Human dignity: useless rhetoric or substantive concept?
thesisposted on 28.03.2022, 15:03 by Elke Laura Pierce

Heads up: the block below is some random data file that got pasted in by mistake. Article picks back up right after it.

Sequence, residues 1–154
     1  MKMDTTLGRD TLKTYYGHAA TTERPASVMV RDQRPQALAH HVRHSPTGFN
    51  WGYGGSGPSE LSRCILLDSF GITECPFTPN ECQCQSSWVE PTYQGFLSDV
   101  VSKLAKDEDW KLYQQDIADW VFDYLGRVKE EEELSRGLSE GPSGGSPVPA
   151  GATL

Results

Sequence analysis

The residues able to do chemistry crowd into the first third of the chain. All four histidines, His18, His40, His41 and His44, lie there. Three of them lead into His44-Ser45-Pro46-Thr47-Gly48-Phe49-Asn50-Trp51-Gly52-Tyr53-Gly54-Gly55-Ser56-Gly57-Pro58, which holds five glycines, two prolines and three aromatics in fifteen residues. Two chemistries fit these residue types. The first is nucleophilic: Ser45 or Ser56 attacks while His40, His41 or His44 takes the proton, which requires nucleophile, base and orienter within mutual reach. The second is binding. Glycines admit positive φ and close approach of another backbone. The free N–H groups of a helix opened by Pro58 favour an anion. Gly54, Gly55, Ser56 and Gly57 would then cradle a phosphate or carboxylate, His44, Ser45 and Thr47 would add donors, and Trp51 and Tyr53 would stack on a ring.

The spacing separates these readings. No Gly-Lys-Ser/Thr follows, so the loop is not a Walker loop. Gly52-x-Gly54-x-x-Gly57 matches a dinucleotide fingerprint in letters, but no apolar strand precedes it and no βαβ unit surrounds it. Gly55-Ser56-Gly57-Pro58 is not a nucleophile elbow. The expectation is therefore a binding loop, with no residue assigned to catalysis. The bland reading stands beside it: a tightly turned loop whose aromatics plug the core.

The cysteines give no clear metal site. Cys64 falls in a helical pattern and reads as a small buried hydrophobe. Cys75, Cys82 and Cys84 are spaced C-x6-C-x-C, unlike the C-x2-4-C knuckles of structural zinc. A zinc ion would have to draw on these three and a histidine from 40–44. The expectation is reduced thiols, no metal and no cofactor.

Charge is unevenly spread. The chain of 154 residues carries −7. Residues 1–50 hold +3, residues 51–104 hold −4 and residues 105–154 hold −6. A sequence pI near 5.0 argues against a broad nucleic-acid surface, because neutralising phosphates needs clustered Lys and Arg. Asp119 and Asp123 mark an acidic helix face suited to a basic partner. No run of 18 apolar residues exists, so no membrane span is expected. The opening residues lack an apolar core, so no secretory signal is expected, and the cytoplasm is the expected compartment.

Human dignity is typically understood as the intrinsic worth or value of all human beings, the possession of which entitles them to respect and fundamental rights. It is widely referenced in a variety of fields including human rights, international and constitutional law, bioethics, and political science. This thesis examines the question of whether human dignity is a substantive concept, with clear content and the ability to provide normative guidance, or merely useless rhetoric. The focus is primarily on the relationship between the state and the individual vis-à-vis human dignity and aims to answer the following questions: What does human dignity actually encompass, and what implications does this have for states' treatment of individuals? The historical and contemporary understandings of human dignity and their connection to one another are analysed, and the criticism that human dignity is too vague a notion to direct legal rulings and political legislation is challenged. Christopher McCrudden's 'core' idea of human dignity is expanded and utilised in regard to the German Aviation Security Case to demonstrate how human dignity is capable of informing such decision-making. The aim of this thesis is to show that human dignity is a substantive concept by responding to criticisms, elaborating on the core idea of human dignity and showing how this 'core' is robust enough to provide practical, normative guidance.